Testing Loyalty to Sharia Law Might Soon be Practical and Widespread, by Scott Adams, creator of Dilbert.
[Newt Gingrich] recently said he wants to “test” Muslims living in the United States to see if they support Sharia Law because it is incompatible with the Constitution. Gingrich says we should deport anyone who fails the test, as they are not loyal Americans.
Your first reaction to Gingrich’s idea is that singling out one religion is unconstitutional and bigoted, and the tests would be worthless because people can simply lie. Plus, all that testing would be impractical. Let’s dig into that a little.
If the government tests all Muslims, and no one else, that is clearly a problem with the Constitution and unfair as well. But let’s say you test everyone in the country for loyalty to the Constitution versus loyalty to any competing system. That makes it fair, albeit impractical to implement. There are simply too many people to test.
Well, not so fast. Imagine that the test is administered to anyone who applies for a driver’s license, passport, or government ID. Those applicants would be asked to sign an oath of allegiance to the United States at the same time. It takes an extra 30 seconds. After a few years, you’d have most adults.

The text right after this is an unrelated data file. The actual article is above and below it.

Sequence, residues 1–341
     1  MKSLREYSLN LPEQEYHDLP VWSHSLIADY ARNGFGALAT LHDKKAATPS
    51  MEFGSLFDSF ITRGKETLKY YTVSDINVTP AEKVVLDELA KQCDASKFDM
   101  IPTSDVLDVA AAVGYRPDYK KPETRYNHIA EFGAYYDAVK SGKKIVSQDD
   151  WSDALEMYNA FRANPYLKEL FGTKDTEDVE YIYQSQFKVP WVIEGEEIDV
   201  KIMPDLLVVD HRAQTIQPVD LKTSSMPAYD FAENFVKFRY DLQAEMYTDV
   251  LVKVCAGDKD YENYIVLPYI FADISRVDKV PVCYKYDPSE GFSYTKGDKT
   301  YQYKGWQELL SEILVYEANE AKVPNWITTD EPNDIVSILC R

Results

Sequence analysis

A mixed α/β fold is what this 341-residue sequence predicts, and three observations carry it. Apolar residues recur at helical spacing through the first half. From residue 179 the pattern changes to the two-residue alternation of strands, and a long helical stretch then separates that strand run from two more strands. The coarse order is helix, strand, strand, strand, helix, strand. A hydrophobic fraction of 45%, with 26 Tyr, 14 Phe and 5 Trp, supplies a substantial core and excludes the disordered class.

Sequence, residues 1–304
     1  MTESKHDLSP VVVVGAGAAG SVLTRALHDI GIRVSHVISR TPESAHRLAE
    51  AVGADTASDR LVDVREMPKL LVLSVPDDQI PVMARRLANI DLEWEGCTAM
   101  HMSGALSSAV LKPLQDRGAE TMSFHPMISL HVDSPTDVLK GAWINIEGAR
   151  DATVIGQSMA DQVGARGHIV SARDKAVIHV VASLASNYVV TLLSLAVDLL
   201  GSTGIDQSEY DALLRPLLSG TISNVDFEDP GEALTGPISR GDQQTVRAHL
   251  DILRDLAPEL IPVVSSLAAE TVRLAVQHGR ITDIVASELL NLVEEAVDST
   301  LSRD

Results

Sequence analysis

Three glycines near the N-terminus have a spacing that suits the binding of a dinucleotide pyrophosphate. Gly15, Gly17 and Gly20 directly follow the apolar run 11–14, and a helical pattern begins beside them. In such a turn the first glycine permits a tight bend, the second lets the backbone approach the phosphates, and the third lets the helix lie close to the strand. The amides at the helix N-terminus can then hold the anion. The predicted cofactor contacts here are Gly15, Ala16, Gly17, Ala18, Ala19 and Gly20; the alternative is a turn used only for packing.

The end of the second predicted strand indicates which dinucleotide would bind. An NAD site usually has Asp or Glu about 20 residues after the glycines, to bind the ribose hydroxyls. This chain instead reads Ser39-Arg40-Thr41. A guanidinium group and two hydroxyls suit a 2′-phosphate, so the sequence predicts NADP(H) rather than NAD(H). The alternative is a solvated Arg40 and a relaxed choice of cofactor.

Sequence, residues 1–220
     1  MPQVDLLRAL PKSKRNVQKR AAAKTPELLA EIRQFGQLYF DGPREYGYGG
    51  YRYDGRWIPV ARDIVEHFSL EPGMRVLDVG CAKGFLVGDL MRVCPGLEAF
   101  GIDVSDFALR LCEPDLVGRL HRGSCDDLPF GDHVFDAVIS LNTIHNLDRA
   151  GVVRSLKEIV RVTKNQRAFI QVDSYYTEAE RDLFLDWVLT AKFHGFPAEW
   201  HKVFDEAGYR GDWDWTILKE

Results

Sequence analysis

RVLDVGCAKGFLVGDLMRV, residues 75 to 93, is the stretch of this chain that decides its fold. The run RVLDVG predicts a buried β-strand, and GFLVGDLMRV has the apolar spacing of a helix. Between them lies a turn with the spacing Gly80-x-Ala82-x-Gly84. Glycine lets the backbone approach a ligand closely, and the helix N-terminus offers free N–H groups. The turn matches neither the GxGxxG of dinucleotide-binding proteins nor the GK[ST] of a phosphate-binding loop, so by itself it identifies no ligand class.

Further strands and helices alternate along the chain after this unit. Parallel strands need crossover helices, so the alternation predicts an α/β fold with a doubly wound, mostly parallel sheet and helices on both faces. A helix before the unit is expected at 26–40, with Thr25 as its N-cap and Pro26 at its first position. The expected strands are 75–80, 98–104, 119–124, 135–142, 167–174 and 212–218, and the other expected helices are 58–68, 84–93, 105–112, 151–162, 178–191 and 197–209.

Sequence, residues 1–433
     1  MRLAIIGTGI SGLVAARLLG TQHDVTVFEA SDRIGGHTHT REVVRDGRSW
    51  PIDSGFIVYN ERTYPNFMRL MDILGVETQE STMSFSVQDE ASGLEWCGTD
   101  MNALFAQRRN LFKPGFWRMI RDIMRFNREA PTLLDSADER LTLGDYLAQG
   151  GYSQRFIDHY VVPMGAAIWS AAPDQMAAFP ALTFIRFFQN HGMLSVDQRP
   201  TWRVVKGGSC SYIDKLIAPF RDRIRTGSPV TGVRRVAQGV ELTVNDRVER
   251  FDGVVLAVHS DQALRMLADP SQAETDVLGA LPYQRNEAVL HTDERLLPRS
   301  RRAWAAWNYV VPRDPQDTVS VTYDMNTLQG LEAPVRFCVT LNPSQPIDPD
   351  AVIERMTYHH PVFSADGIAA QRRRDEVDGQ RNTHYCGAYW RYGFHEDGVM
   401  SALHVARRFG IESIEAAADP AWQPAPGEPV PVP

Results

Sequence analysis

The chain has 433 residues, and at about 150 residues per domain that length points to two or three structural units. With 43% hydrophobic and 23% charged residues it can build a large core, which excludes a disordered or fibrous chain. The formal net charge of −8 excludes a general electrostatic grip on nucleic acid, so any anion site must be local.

But how accurate would such a test be? People can simply lie. Here’s where things get interesting, because I think technology is right on the cusp of being able to create a lie detector that is 99.99% accurate. Let me say a bit about that.
A trained interrogator – or even a trained hypnotist – can detect deception in a subject with, let’s say, 80% accuracy. That’s not good enough. An existing lie detector with old-timey technology can detect deception about 80% of the time too, but that’s not good enough to be accepted in a court of law.
Now we have technology to detect lies based on changes in a subject’s eyes. This technology claims to be about 85% effective, and better than polygraphs. But that still isn’t good enough.
There has also been a lot of technological improvement in the speed, sensitivity, and cost of brain scan technology. You can put an inexpensive headband with sensors on a subject and detect brainwave changes. That technology can’t yet detect deception, but it’s heading in that direction. …
We’re probably three years away from lie detection technology that is 99% effective. That’s probably the solution. And if we test all citizens – not just Muslims – such a system is probably fair enough to satisfy the Constitution.